Nine-year-old Paige Turner is tired of being timid—but she needs a new name to go with her new identity.
The beginning of fourth-grade seems like the ideal time to change. Paige is determined to be brave this year: do flips on the high bar at recess, stand up to the class bully, Viveca Frye, and maybe, just maybe, even eat cauliflower. The name Oklahoma feels perfect for her new, gutsy personality. After all, at the end of the musical Oklahoma! everyone comes out on stage and yells, “Yee-haw!” A person who yells yee-haw is precisely who Paige wants to be. But changing names is not easy. And neither, as Paige learns, is fourth grade. Questions of popularity and loyalty test her friendships, and the annual talent show has her terrified. But with the help of an inspired teacher and a trusty piano on which to bang and clang out her frustrations, Paige realizes that she doesn’t need to change herself entirely. She can keep a little Oklahoma inside, just in case. Glassman’s spot illustrations have the same energy as her swift prose; Paige’s symbolic lassos are swinging all over the pages.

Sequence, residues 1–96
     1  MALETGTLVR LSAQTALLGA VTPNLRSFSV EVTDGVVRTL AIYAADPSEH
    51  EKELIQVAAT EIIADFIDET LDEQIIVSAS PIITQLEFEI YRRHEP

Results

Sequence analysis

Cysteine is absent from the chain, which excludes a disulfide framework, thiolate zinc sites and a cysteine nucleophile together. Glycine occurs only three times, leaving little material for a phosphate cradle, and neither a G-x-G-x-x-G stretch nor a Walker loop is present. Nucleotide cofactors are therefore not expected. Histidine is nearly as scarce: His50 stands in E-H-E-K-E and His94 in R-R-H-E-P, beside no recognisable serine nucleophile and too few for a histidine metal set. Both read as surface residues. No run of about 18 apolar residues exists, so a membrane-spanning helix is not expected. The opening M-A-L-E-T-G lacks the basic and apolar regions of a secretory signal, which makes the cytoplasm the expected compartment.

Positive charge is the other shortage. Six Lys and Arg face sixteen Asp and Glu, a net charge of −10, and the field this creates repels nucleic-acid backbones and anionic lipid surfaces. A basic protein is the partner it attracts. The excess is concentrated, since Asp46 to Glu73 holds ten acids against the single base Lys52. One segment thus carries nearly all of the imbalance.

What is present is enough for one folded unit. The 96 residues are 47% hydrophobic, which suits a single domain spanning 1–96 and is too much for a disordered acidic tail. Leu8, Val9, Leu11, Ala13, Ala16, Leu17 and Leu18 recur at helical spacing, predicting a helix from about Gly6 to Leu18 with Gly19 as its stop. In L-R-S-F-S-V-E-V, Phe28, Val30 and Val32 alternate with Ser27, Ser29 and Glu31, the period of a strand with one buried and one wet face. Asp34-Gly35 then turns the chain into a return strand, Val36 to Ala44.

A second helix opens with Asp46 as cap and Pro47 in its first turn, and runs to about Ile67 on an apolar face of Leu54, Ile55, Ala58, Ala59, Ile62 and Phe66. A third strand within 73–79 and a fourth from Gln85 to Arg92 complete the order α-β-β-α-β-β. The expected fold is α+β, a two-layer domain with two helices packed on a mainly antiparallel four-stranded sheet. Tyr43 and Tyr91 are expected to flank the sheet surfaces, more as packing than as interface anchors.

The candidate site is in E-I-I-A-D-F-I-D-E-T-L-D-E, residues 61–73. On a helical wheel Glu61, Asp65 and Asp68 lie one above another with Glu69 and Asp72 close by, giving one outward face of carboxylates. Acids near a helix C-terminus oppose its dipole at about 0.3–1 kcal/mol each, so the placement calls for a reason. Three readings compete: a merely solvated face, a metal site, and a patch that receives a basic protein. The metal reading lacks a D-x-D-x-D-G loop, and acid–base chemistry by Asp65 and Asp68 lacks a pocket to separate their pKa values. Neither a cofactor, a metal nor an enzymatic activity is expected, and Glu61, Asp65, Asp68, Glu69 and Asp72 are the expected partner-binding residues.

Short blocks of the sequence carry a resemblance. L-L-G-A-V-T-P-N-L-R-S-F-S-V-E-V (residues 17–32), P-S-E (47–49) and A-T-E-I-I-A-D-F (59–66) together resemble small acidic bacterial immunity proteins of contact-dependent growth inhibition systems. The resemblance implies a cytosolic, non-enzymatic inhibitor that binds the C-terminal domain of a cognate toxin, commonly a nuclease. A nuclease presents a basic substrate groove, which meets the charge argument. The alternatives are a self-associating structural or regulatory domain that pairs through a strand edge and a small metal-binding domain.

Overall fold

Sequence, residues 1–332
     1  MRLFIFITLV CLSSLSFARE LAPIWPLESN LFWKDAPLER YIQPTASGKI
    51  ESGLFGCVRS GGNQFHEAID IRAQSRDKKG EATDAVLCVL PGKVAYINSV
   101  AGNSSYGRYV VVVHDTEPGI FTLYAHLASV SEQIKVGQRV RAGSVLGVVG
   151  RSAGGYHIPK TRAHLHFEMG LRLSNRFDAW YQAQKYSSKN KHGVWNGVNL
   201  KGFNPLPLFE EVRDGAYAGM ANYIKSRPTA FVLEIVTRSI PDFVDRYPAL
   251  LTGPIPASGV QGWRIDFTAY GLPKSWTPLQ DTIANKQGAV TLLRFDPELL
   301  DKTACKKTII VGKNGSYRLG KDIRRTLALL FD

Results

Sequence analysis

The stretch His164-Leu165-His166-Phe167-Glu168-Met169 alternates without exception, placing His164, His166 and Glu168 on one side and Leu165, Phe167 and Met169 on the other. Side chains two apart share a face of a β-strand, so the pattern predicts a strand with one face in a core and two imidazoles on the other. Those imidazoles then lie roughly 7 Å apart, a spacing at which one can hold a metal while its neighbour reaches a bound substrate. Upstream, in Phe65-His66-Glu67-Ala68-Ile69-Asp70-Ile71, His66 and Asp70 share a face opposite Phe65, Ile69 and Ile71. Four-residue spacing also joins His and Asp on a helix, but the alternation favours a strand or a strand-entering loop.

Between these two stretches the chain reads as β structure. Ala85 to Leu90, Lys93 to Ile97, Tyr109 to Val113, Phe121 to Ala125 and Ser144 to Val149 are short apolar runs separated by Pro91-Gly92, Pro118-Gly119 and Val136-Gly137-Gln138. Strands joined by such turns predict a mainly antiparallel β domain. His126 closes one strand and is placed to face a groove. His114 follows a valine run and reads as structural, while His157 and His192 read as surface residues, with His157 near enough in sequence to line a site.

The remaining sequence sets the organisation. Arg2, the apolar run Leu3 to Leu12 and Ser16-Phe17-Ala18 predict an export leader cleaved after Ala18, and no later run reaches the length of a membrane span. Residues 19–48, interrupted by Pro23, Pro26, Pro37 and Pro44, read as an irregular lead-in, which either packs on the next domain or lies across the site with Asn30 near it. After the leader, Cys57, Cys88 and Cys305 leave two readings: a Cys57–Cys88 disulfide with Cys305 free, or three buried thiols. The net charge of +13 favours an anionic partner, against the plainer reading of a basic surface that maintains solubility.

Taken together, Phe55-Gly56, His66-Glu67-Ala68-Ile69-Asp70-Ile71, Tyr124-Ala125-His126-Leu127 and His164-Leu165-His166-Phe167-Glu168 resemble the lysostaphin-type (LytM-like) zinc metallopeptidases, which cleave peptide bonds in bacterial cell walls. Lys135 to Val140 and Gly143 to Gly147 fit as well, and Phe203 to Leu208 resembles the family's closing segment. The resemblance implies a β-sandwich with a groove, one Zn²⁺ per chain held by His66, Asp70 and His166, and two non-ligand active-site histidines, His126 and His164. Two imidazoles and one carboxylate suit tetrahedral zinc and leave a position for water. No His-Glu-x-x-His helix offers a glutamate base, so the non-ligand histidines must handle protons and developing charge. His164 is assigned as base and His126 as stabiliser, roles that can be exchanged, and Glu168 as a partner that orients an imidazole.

Though it’s not quite as layered as some other beginning chapter books, young readers who are searching for their own selves will certainly appreciate this new heroine. (Fiction. 7-10)